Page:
The Cougar Chronicle

LA college free speech lawsuit won’t affect CSUSM policy

Jadan Smithers, Assistant News Editor

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CSUSM officials are aware of a recent lawsuit by a Los Angeles community college student against his school for allegedly violating his First Amendment rights by enforcing its free speech zone policy.

In the lawsuit, student Kevin Shaw from Pierce College says that in November 2016 school officials stopped him from handing out Spanish copies of the U.S. Constitution because he was outside of the campus’ designated free speech zone.

The Los Angeles Community College District, including Pierce College and eight other colleges, have a free speech policy that confines all speech activities to its campus’ free speech zones, according to a court document filed by Shaw’s lawyers. All speech activities also require a permit.

This has been the policy of the Los Angeles Community College District since 1989. Pierce College, located in the Woodland Hills area of Los Angeles, asked the federal district court to dismiss

Shaw’s case. On Jan. 17, the court denied the motion, keeping the litigation alive. CSUSM Communications Specialist Eric Breier said that while CSUSM is aware of Shaw’s case, it has de- clined to make a statement in response to the filings.

The public assembly policy at CSUSM encourages free speech activities to take place in the campus’ free speech zone. The university’s policy states that “those intending to use this space should inform the University Police Department at least 48 hours in advance of the purpose, time and estimated size of the assembly. However, failure to notify shall not be grounds for denial of access to the free speech and assembly area.”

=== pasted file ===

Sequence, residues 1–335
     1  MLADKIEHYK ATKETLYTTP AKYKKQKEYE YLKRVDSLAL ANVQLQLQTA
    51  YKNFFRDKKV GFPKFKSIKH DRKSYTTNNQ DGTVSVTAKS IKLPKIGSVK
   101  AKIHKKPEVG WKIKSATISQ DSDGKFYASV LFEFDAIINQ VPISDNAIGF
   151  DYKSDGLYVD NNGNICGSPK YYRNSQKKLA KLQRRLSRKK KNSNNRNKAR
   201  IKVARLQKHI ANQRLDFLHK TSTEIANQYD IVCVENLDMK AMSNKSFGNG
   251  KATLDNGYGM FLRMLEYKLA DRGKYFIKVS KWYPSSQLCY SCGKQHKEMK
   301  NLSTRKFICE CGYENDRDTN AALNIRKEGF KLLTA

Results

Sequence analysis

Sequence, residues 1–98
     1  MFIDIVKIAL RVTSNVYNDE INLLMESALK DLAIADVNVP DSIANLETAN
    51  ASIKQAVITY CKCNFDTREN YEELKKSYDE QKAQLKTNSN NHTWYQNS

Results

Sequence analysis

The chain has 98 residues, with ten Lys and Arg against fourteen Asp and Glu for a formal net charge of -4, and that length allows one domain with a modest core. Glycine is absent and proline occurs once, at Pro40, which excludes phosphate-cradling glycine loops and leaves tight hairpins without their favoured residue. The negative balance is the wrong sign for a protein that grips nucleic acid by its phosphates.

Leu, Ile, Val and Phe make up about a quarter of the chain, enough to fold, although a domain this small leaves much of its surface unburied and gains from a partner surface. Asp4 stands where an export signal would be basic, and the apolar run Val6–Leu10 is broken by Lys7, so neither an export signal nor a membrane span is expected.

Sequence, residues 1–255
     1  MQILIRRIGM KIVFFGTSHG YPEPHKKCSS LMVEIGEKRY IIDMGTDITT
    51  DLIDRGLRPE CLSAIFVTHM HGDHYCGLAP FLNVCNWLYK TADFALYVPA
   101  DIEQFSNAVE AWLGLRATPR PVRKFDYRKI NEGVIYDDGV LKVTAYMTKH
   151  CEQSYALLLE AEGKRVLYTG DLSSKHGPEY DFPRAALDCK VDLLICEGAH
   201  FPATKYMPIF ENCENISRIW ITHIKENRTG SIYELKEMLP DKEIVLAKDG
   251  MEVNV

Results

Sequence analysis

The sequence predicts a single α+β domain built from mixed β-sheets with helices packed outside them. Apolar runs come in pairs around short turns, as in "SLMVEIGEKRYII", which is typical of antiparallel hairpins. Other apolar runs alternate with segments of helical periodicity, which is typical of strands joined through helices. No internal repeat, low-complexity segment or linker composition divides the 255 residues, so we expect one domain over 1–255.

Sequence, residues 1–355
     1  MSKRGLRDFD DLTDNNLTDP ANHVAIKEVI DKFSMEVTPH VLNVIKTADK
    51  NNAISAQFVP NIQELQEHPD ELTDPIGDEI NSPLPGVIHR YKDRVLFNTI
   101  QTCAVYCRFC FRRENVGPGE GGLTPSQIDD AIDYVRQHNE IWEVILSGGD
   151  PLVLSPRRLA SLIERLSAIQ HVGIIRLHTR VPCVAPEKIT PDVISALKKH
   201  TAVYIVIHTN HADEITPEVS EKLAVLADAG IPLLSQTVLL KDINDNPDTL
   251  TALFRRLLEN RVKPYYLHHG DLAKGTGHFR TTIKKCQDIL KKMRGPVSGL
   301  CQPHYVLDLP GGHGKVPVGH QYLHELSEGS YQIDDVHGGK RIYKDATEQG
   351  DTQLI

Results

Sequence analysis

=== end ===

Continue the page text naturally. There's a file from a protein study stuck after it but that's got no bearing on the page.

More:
The zone is located “in front of University Hall, 60 feet from the front steps of the building extending to the corner of Starbucks” and “the space in front of the Craven Rotunda on the third floor up the stairs to the fourth level of Craven,” according to the policy.

However, speech activities may happen in other spots on campus.

“Students and employees may use university buildings, facilities and other services in conformity with approved policies and procedures,” Breier said. CSUSM “may establish reasonable time, place and manner regulations,” to prevent the rights of other individuals and groups from being infringed upon, as well as to prevent the disruption of  “the educational process or other operations of the University,” he said.

Dr. Stephan Hoover, a CSUSM Political Science professor and constitutional law expert said that the policies at CSUSM are constitutional.

“You can restrict speech if the purpose isn’t purely to restrict speech,” Dr. Hoover said. Legitimate purposes for restricting speech on campus can include public safety, flow of foot traffic or preventing littering and noise distractions, Dr. Hoover said.When asked specifically about the Pierce College case, Dr. Hoover said, “restrictions on free speech outside of the zone are probably going to be kicked down…there’s not much right to restrict free speech unless it’s for a purpose.”

The organization providing assistance with Shaw’s lawsuit, the Foundation of Individual Rights in Education, gives colleges and universities speech code ratings based on the organization’s “opinion of the degree to which free speech is curtailed at a particular institution.” CSUSM receives a “yellow light rating” for having an “ambiguous policy that too easily encourages administrative abuse and arbitrary application.”

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